If anything, I suppose it’s my non-religious Protestant work ethic is showing – or maybe I just don’t expect to have others manage all my basic life functions for me. Then again, it could be a matter of trying not to take so many cues about how your life should look from Instagram and spend that time taking a damned shower or folding some laundry.

Life’s tough, kids. Get a helmet.

Where no one wants to live…

For a while on Sunday afternoon my Twitter feed was near filled with what I’ll generally call serious lefty climate people. Look, I’m there. Climate change is a real thing. It’s a topic worthy of serious discussion by serious people. I’m not in any way sure that’s what was happening on twitter. The one theme I kept seeing over and over was the call to “reimagine” cities.

That’s fine, I suppose. Cities have been reimagining and rebuilding themselves for as long as there have been cities. I’m sure in 3428 BCE some Sumerian urban planner in Ur was convinced there was a better way to build a ziggurat. 

The trend of growing urban populations increasing while rural populations decline is not in any way a new feature in this country. It’s been happening since nearly the beginning as people left the farm for new job opportunities in the city created during the early stages of the Industrial Revolution. There’s no reason to think that trend will stop as we move forward, so our cities should absolutely plan for dealing with larger populations in the future.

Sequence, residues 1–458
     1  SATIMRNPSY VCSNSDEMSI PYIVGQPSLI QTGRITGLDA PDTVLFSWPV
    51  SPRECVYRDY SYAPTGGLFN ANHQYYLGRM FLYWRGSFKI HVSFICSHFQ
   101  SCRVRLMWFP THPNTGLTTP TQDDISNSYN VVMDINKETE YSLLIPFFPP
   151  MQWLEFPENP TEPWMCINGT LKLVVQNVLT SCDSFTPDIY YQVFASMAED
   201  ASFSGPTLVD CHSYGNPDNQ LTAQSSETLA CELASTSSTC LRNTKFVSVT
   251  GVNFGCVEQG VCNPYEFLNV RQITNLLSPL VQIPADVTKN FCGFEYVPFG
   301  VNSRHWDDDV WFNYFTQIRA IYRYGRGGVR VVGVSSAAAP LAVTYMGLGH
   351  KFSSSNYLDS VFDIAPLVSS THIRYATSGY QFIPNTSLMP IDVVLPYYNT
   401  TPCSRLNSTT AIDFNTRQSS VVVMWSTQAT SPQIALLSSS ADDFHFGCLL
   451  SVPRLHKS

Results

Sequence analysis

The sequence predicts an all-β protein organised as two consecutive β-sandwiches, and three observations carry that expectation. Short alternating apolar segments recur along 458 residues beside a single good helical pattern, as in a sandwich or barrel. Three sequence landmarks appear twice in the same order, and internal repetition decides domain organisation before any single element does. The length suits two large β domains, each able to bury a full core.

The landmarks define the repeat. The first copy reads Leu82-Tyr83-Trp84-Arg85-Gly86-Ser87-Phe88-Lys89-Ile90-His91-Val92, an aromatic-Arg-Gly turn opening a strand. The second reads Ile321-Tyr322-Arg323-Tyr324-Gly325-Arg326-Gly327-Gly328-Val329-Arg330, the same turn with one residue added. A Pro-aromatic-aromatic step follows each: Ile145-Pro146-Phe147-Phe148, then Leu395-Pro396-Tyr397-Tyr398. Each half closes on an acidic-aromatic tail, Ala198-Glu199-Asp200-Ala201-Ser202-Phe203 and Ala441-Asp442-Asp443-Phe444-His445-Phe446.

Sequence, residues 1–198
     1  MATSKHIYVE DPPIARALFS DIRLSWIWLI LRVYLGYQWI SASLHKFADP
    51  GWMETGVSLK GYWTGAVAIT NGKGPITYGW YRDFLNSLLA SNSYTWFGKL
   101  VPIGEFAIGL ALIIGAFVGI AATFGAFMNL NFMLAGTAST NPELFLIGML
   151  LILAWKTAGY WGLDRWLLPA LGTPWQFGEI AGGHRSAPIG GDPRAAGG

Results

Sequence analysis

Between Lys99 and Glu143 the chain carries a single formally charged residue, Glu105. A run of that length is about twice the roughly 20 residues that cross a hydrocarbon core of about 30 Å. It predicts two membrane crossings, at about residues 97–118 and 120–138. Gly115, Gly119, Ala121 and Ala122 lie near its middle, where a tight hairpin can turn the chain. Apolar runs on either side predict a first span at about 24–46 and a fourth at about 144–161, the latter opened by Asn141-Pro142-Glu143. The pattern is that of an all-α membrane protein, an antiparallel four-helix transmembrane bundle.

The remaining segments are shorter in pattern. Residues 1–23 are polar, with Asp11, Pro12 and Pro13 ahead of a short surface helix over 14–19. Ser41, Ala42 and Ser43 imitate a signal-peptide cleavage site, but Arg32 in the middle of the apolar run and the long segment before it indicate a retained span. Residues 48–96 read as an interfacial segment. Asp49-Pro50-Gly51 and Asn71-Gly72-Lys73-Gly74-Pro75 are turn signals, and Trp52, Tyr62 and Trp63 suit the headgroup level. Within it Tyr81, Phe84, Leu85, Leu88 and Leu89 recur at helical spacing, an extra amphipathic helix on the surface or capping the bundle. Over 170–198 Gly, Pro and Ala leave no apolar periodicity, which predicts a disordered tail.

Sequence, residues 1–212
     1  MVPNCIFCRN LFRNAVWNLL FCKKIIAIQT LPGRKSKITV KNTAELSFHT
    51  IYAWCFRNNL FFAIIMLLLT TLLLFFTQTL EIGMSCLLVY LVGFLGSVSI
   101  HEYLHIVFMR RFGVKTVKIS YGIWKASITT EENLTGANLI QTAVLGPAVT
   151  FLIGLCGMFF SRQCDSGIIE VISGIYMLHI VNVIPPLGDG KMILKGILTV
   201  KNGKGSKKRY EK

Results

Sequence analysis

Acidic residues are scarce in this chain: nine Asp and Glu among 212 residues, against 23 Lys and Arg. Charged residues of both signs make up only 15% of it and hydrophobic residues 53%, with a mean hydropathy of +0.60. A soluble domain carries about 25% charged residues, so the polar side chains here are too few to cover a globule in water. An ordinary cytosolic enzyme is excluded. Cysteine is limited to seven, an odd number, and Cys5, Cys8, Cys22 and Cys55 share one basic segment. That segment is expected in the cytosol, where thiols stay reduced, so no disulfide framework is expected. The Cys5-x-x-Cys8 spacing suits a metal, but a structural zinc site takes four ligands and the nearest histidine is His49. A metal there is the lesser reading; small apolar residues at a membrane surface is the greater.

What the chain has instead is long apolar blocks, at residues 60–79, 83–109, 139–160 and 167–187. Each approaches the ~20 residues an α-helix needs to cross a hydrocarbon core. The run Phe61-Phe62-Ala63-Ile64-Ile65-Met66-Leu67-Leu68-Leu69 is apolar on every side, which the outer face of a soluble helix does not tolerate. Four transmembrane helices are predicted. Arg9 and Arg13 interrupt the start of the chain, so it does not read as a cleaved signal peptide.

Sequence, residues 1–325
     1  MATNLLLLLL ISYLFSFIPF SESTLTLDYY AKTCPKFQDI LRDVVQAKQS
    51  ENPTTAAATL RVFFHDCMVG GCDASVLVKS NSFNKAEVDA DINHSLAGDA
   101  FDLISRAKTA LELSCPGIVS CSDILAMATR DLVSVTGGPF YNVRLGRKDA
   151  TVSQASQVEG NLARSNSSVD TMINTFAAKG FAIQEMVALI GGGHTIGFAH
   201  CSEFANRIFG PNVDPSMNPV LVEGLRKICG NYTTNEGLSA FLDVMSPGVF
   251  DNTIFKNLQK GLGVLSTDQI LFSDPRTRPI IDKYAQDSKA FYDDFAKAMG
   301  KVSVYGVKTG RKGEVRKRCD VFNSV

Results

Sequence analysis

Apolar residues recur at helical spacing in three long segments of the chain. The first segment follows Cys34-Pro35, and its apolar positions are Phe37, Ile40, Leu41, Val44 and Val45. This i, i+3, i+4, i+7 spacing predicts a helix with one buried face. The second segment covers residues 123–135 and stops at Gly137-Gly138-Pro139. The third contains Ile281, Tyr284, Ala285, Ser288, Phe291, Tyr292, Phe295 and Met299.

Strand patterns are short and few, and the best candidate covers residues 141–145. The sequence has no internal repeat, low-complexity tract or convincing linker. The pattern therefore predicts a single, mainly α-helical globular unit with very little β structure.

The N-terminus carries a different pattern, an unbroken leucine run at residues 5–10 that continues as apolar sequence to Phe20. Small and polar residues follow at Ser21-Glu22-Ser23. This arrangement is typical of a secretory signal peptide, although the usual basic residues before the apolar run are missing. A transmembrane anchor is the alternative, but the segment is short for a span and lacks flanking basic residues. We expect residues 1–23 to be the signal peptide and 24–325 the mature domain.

What I always struggle with in these discussions is these “thought leaders” on social media never seem to take into account is the number of people who have never, do not currently, or never will have any desire to live in a densely urbanized bicyclist and pedestrian paradise. I just don’t care how many bus routes you have or how wonderful the subway is, trading my patch of land with its flora and fauna for 600 square feet on the 87th floor just sounds awful.

Good luck with it, though. The more people you convince to be warehoused in towers of steel, concrete, and glass, the more green space I’ll have out here “where no one wants to live.” You might want to talk about nature, but I value seeing it from my back porch. We’re not the same.

What Annoys Jeff this Week?

1. We’re back to masks full time in the office. Yes, it’s annoying, but not debilitatingly so. The hardest part, as ever, is to remember to take the damned thing off before I try to drink my coffee. Anything that gets in the way of my hot bean water pretty rapidly climbs the list. Still, in the back of my mind I can’t help but think we’re stuck in these masks to “protect other people.” People who have had every chance in the world over the last six months to protect themselves but who have opted not to. At some point, I have to believe we’ve got to collectively just accept that people have made their own dumbass decisions and they’re going to have to accept whatever natural consequences follow.